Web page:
I had some trouble this week trying to find the source of a faint grinding noise that occurred everytime I screwed the crown down in a particular watch I had just finished servicing and casing up. The movement would wind and set flawlessly when the crown was out, but as soon as the crown was screwed in a few turns the grinding noise would re-manifest itself.
Concerned that the problem lie in the keyless works, I wasn’t going to let the watch ship out without eliminating the cause. I wasn’t looking forward, though, to removing the hands and the dial – that I had just finished so meticulously polishing and ridding of dust – in order to find the problem. Fortunately, one of the more experienced watchmakers in the shop caught me with the watch held up close to my ear, in a last ditch effort to pinpoint the problem, and asked me what the trouble was. Once informed, he had the grinding noise remedied in about 15 seconds.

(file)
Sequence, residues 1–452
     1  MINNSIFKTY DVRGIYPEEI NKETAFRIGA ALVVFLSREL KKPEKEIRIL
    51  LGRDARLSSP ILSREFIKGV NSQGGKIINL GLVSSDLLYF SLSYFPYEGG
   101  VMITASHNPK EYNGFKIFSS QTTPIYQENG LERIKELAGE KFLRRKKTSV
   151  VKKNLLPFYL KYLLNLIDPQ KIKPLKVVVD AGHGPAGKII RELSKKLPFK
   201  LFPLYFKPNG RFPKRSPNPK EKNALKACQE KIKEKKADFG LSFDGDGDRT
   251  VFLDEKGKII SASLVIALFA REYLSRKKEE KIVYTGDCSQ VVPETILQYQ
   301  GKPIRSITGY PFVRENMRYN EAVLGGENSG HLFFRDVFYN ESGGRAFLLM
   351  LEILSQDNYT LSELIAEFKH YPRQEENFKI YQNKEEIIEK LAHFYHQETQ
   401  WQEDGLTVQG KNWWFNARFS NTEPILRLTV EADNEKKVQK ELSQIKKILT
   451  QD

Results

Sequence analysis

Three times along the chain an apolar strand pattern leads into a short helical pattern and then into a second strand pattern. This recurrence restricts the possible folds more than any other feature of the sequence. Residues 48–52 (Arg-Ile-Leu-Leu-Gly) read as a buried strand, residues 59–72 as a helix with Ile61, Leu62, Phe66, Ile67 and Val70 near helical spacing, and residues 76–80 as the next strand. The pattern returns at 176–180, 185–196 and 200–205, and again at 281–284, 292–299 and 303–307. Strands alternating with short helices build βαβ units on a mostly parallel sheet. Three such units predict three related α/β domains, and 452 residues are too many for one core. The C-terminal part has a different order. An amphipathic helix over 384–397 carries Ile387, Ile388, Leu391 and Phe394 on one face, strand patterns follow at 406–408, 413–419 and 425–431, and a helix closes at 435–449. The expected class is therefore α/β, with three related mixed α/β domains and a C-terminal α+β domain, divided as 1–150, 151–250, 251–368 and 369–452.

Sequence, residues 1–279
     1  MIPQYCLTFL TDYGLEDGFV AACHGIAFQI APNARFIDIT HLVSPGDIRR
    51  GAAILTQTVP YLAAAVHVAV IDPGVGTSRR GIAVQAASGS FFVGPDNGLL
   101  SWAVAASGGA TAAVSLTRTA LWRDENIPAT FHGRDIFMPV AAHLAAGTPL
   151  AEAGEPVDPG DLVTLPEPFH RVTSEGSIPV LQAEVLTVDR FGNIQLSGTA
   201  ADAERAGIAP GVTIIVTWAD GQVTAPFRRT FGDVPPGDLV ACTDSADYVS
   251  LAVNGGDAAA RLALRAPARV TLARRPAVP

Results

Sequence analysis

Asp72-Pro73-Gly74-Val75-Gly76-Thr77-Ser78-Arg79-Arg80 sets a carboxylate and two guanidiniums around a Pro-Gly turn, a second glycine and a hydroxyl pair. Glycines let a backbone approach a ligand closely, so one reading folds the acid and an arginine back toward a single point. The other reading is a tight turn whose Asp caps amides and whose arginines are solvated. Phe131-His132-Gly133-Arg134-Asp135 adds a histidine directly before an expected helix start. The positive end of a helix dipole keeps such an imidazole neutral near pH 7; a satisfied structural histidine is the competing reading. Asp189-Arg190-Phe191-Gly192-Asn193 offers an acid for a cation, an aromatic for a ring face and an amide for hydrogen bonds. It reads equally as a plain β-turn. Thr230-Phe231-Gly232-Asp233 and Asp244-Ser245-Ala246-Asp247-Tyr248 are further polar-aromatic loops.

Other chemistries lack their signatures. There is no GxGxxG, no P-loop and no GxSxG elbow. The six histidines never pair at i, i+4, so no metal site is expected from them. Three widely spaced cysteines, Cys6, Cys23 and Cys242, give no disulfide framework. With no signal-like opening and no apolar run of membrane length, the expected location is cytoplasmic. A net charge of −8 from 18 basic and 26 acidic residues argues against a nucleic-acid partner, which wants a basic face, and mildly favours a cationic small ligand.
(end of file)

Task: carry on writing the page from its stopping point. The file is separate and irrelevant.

Turns out, the internal components of the new screwdown crown I had installed were binding. To fix the problem, he added a drop of lubrication to the shaft of the crown that rides in a spring loaded tube. Following that, he pumped the crown a few times, coaxing the light grease down into the base of the crown where the internal spring slides when the crown is being screwed onto the case. And just like that, the grinding was gone. Leaving behind nothing but silky, smooth, perfection.